From the moment Oregon won the bid to host the 2016 NCAA Championships for men’s and women’s golf at the Eugene Country Club, there was inherent pressure surrounding the team to play well this season.
“Any time you have a big carrot in front of you, there’s going to be more pressure,” men’s golf head coach Casey Martin said Monday. “But it’s a good kind of pressure. It’s motivating and it’s galvanized a lot of the guys.”
The Ducks are still not guaranteed a spot in the NCAA Championships.Martin put in the 2016 bid believing it would present his team an opportunity to contend for its first championship in program history. But also for Martin, a Eugene native, the bid offered a chance to showcase the course he was raised on.
“Growing up in Eugene and this golf course, it’s been a love affair with me,” Martin said. “I’ve spent my entire life out here. It’s a big part of wanting to give back and share a special place that a lot of people aren’t familiar with.”
After hosting one of six NCAA regionals during the 2014 postseason, Martin was encouraged by NCAA officials to bid for the 2016 championship. Once Martin received approval from Eugene Country Club general manager Rich Spurlin and the club’s board of directors, he submitted a bid for the club to host its first NCAA Championship since 1978.
“Eugene embraces amateur athletics and Eugene Country Club loves their Ducks,” Spurlin said. “When the idea came up we were delighted.”
Eugene Country Club will host the women’s championships from May 20-25 and men’s championships May 27-June 1.
The course will play differently in championships than what the Ducks are used to. The front nine and back nine will be flipped in an effort to make the end of rounds more compelling.
Although this will be different from what the Ducks are accustomed to, the possibility of competing for a championship on their home course remains advantageous.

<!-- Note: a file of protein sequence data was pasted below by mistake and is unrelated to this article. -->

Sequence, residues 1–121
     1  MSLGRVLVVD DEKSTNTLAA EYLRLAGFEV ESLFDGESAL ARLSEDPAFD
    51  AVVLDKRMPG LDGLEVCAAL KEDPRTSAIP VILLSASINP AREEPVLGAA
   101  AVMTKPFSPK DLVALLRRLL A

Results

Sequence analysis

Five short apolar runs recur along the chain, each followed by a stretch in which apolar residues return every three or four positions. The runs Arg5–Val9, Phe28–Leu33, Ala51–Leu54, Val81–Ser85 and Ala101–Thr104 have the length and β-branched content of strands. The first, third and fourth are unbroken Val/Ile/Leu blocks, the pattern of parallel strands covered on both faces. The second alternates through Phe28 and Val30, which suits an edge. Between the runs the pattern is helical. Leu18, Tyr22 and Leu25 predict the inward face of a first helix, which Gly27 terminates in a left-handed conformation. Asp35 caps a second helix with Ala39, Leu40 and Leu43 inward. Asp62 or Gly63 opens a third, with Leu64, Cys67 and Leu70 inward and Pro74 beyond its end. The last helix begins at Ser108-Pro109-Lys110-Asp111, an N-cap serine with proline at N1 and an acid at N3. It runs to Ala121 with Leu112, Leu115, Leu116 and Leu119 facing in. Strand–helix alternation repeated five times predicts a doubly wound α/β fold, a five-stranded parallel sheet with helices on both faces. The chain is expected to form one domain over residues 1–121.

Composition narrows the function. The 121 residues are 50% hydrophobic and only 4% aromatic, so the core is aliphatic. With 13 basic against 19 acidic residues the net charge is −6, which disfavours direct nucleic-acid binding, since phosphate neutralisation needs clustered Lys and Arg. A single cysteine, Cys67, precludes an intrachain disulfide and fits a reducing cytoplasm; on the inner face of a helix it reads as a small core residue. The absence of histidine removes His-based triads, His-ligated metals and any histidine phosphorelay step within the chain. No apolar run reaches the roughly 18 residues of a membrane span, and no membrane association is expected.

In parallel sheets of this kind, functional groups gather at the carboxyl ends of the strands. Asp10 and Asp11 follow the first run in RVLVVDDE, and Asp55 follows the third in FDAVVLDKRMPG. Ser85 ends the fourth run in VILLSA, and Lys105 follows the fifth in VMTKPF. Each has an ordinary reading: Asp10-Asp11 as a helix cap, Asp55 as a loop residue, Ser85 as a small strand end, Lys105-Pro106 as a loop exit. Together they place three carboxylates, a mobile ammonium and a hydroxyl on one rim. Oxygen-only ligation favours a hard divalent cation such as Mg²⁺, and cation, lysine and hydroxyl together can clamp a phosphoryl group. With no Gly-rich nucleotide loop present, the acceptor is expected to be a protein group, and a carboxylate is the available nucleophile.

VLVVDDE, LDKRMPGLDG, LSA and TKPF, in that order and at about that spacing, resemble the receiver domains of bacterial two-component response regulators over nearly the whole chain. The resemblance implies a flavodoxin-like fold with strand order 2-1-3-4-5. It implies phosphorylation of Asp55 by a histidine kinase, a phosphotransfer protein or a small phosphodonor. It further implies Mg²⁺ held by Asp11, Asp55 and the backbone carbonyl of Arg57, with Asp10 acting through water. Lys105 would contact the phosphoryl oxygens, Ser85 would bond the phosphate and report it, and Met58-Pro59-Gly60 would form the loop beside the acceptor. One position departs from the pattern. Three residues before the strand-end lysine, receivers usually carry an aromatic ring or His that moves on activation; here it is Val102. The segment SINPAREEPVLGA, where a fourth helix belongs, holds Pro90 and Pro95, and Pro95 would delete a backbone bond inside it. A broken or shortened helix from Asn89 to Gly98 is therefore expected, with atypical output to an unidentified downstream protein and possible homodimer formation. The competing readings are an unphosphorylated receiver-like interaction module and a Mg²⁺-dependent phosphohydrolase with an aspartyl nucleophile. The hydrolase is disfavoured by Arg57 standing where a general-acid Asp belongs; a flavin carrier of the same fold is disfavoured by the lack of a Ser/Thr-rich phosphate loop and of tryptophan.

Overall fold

“Being able to play here three times a week, that experience is something we’re going to have over everybody else,” Oregon sophomore Aaron Wise said. “Being home, being able to sleep in our owns beds and go to our own gyms – all of that is going to play into it.”
During the last two seasons, Oregon has played its best in the fall before dropping off in the spring. At the start of this season, the team discussed how it was going to reverse that trend. Oregon started slow in the fall, but have since improved in the spring, placing fifth or better in four of its last five tournaments.
Most recently, the Ducks finished third at Pasatiempo Golf Club’s Western Intercollegiate, and Wise finished one stroke behind individual winner Maverick McNealy of Stanford.
“To come in third at Pasatiempo shows we’re really close,” Wise said. “We’re looking to peak, and now is the time to do it.”
After playing in the Pac-12 Championships April 30-May 1, Oregon will have to finish fifth or better in its regional to advance to the NCAA championship in Eugene. Often characterized as the toughest week in collegiate golf, it’s far from ideal, but the Ducks accept the challenge.
“Your whole season comes down to three rounds and most of the time you’re shipped to some place you’re not familiar with,” Martin said. “It is what it is, and we have to be ready for it.”
Follow Will Denner on Twitter @Will_Denner